Tuesday, March 17, 2015

Mechanical tenderization of meat-What difference does it make?

Food technology always provides new insights into food quality and accordingly strives to develop appropriate processes and techniques to achieve the goals. Take the example of meat carcass from animals like cattle and pigs which are naturally tough to eat straight away unless they are softened for easy consumption and achieve the characteristic eating quality. Age old techniques like marinating, use of vinegar, wines, butter milk, yogurt, enzymes like papain, bromelain and actinidin to tenderize meat are giving way to more sophisticated techniques like mechanical tenderization using large machines with steel needles and blades. Though the new innovation does avoid too much handling by the workers in meat processing units, different type of problem seems to be emerging causing more contamination cases involving the much dreaded and virulent E.coli 0157H7. This has led to wide spread demand from the consumers to differentiate between traditional tenderization and mechanical tenderization on the display label that would help them to cook the latter more severely to kill the contaminant that might have been pushed deep into the product because of the use of needles and blades. Here is a take on this vexed issue that has led to a tricky situation faced by the industry and the safety authorities in some countries.   

"According to a final rule by the U.S. Department of Agriculture's Food Safety and Inspection Service (FSIS), mechanically tenderized beef products will not require special safety labels for at least another three years. The tenderization process softens the meat with tools and devices that are known to cultivate pathogens that can lead to food borne illness. Initially proposed in mid-2013, the meat labeling rule would require that food packaging displays specific cooking instructions for meat products. FSIS's concern has been that consumers are not cooking meat long enough to prevent foodborne illness.  The labeling rule was not finalized as expected by December 31, 2014, thus it cannot take effect before 2018 according to FSIS requirements. Had the rule been cleared in a timely manner, the meat labeling requirements could have been enforced as soon as next year. The two-year incremental delay is meant to make changes easier for food manufacturers to comply. Proponents of meat labeling believe that consumers will be put at risk for another two years without more stringent instructions to follow when cooking meat. However, the meat industry has taken a stance against this labeling proposal, arguing that measures put in place by meat processors are sufficient in making sure that meat distributed to consumers is already safe."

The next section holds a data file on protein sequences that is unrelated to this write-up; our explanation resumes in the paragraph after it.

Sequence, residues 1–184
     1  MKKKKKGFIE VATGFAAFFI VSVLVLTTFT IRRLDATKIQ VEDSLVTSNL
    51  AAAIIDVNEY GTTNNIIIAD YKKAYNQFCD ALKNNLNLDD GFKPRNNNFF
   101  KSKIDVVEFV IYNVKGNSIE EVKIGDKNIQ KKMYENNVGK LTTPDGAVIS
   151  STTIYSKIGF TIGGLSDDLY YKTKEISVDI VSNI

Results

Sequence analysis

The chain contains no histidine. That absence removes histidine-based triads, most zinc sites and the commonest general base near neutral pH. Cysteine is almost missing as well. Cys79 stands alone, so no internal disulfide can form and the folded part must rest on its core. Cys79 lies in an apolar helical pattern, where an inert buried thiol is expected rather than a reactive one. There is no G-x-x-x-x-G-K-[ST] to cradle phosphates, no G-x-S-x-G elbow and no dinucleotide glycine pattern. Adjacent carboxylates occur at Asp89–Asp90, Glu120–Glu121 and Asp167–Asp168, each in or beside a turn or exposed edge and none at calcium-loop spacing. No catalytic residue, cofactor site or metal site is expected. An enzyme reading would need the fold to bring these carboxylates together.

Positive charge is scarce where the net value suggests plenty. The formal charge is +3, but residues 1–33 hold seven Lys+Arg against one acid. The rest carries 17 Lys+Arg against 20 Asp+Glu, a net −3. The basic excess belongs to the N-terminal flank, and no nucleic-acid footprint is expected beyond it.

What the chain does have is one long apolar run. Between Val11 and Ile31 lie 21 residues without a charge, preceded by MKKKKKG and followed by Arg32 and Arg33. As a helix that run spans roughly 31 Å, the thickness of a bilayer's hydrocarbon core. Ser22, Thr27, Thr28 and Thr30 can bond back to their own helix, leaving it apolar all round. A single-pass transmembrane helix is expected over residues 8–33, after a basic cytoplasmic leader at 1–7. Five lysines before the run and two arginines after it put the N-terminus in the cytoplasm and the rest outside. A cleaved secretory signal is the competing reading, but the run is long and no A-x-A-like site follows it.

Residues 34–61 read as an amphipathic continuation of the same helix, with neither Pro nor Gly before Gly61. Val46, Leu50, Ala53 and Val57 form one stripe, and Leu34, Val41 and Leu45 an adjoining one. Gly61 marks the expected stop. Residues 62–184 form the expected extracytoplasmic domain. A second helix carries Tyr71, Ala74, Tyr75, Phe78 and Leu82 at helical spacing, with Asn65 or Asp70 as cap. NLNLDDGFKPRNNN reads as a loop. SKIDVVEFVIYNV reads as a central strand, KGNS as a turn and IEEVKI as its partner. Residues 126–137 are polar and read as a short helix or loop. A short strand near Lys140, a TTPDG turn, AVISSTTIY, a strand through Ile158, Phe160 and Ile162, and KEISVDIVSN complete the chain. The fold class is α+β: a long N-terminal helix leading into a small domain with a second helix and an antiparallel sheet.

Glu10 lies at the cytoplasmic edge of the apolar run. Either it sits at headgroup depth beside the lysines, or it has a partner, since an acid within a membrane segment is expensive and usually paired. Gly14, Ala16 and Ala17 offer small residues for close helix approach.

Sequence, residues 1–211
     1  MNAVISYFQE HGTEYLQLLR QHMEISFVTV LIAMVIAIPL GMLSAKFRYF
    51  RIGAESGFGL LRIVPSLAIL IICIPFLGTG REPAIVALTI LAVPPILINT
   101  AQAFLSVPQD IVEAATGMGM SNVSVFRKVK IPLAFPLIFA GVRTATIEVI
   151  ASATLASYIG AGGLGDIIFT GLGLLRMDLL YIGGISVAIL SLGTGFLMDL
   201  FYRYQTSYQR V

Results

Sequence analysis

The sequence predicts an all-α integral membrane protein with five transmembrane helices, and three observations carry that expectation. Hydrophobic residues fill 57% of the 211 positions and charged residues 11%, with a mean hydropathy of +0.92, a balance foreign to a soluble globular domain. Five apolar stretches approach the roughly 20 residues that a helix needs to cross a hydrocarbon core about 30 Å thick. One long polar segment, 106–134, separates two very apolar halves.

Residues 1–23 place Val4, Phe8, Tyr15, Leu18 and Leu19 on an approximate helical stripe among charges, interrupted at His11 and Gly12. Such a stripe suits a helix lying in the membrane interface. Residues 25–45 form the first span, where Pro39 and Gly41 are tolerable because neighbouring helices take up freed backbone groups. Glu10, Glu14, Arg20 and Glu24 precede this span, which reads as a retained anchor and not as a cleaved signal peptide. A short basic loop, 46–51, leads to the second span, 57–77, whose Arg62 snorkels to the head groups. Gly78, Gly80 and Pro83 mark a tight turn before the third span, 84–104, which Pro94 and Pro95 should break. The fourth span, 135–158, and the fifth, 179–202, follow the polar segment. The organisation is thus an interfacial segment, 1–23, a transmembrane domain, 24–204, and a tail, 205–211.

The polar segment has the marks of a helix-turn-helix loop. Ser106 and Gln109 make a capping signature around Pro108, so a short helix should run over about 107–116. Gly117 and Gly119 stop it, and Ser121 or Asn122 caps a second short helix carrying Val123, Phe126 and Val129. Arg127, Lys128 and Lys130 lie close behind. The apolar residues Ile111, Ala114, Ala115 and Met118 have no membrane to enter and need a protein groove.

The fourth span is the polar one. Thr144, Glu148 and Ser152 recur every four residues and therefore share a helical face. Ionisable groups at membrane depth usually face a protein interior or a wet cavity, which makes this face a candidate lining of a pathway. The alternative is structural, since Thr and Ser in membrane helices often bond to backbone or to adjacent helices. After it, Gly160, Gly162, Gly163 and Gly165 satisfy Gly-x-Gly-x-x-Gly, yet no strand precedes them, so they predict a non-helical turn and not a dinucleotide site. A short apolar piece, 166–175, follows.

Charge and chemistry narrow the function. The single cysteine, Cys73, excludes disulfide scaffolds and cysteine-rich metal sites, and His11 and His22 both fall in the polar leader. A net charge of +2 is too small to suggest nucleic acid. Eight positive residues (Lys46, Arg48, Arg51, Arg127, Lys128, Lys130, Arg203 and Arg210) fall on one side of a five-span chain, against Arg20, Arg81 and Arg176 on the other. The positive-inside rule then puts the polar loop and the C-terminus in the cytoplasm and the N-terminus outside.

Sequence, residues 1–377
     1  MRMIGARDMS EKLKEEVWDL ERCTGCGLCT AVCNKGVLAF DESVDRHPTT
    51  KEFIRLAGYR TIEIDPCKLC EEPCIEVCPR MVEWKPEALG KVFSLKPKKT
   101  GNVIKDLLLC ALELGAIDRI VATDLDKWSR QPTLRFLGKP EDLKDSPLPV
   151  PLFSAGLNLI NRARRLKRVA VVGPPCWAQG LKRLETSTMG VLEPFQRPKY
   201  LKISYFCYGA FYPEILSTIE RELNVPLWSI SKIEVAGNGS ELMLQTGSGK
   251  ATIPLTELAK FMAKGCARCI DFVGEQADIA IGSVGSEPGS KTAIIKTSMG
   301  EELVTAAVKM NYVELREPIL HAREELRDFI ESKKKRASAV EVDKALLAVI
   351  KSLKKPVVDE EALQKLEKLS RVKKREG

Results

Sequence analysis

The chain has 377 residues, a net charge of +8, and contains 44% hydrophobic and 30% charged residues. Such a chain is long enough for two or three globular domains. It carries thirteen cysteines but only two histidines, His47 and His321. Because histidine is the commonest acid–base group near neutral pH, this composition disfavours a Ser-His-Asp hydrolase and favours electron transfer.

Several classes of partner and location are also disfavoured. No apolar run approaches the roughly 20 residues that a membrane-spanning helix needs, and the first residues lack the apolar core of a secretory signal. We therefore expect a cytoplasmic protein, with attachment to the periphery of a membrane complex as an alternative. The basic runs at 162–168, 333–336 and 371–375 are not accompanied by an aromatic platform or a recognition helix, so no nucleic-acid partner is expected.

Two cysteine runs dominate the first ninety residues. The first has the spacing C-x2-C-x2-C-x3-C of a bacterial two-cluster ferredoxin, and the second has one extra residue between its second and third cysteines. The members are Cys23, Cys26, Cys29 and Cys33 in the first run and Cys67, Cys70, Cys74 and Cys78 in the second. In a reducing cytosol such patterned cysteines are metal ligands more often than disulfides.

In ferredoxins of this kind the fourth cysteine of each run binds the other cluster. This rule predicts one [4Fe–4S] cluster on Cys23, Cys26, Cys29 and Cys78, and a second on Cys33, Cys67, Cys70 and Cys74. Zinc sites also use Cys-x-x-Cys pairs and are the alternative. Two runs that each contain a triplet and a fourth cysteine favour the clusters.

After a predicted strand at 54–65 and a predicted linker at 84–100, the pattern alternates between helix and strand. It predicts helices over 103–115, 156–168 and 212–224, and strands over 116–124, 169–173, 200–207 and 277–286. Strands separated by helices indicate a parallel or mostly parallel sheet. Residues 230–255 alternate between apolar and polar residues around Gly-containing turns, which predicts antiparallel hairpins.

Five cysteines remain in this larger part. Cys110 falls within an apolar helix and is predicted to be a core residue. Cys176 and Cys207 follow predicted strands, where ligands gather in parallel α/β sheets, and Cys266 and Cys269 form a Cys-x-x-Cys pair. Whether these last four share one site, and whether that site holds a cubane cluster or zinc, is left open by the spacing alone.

Though the number of serious cases arising out of meat contamination due to mechanical tenderization process is relatively far and few, consumers are fearful while selecting their meat requirements and therefore their demand for label declaration appears to be reasonable. Such a declaration will enable them to adequately cook the meat till the center temperature reaches 67-71C which is supposed to kill the contaminating pathogens completely. While this demand has been accepted in principle, what is causing consternation is the unnecessary prevarication on the part of the safety authorities in enforcing the labeling rule during the last three years which gives the consumers an impression that meat industry is getting more favorable treatment at the hands of the governments ignoring the well being of the citizens. It is time such an impression is nipped in the bud by immediately enforcing the new labeling rules and restore the trust between the industry and the consumer.


No comments: